Best approaches to rectal prolapse
A vast majority of patients are completely relieved from their symptoms or significantly helped with the appropriate treatment. Rectal prolapse is very often a chronic condition and is usually reduced when the patient is in a reclining position, pressing gently with the hands.
Patients should minimize the time spent sitting on the restroom and use an appropriate stool softener while they are awaiting evaluation of their condition by their physician.
The management of partial rectal prolapse in adults is similar to that of hemorrhoids. Treatment includes injectable sclerotherapy, mucosal ring or surgical repair and plastic repair of the anus and rectum. Occasionally repair of the anal sphincter is required.
Complete prolapse in children can usually be corrected by conservative means. These include a nutritious diet, avoidance of straining during defecation and immediate repositioning of the bowel after each prolapse to avoid swelling and possible difficulty in repositioning it within the anus. Children often overcome the disease when the natural curve of the sacrum becomes more concave and surgery may not be required.
Injections of agents, such as 5% phenol in almond oil into the hollow of the sacrum, have helped many patients with complete prolapse. These injections, however, should only be done by a person experienced in this procedure.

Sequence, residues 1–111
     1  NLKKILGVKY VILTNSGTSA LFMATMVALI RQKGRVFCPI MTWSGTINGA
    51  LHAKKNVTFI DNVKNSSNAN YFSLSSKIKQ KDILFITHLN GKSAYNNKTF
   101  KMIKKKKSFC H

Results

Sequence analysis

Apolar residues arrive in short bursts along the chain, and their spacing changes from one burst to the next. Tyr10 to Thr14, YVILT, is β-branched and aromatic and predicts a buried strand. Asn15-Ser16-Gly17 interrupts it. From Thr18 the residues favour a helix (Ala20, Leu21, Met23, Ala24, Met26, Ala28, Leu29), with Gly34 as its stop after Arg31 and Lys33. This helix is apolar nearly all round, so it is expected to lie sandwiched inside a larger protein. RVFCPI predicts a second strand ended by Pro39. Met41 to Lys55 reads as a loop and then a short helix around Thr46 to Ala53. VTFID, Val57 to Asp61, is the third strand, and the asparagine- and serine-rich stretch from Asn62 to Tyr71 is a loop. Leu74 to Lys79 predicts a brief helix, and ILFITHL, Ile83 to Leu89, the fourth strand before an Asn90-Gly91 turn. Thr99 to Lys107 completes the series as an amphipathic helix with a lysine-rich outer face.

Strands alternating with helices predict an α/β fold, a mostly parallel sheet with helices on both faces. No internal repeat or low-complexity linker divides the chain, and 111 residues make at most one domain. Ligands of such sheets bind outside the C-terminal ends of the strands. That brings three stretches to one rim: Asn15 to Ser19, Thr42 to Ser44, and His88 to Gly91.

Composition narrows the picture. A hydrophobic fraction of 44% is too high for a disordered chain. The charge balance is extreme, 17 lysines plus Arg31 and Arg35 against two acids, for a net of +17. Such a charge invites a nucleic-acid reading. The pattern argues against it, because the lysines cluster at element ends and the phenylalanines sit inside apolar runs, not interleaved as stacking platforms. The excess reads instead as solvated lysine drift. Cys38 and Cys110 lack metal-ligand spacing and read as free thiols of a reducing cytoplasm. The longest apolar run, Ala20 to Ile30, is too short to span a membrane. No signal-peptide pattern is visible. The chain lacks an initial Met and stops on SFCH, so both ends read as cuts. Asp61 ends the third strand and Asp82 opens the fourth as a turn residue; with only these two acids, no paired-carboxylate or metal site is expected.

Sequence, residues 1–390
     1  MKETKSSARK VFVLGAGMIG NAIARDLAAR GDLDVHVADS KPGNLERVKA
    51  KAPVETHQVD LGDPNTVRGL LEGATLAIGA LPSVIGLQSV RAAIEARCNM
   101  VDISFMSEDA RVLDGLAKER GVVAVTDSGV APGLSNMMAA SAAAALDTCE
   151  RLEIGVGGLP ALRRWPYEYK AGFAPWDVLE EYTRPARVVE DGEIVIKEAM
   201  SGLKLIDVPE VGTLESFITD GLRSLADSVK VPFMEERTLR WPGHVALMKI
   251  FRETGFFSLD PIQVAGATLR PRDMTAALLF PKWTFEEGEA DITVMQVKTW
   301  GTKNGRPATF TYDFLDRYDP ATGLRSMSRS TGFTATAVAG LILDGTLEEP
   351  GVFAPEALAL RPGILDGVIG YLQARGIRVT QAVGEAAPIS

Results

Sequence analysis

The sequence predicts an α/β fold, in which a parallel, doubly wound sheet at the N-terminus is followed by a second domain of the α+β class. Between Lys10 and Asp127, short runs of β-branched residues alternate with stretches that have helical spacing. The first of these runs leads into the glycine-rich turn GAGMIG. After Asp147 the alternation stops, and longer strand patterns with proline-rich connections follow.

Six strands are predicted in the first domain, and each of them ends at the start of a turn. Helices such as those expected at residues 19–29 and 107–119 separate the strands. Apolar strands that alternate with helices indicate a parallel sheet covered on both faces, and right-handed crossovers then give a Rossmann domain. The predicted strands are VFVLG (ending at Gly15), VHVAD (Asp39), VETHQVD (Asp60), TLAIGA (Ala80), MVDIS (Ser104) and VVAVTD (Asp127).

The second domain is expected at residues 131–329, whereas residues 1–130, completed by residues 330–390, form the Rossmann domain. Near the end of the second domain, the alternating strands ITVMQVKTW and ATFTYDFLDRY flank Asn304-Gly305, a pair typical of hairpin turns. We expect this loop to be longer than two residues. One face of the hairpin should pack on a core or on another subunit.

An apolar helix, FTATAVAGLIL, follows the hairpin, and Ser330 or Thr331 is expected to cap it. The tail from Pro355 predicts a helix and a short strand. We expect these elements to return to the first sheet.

In adults with complete prolapse who are high-risk patients, abdominal surgery is often indicated. There are several surgical approaches. A relatively simple operation can correct the rectum in the hollow part of the sacrum. Another method is resection and low anastomosis of the sigmoid to the rectum. In patients who cannot tolerate abdominal surgery, the amputation and anastomosis can be done with an approach from the perineum or a relatively close suture with non-absorbable sutures from the anus. These sutures, which are usually made of wire, can be placed deep into the subcutaneous tissue of the rectoprosthetic area. In the same way, non-absorbable synthetic tape may be placed in place of the sutures. This method is performed under local anesthesia.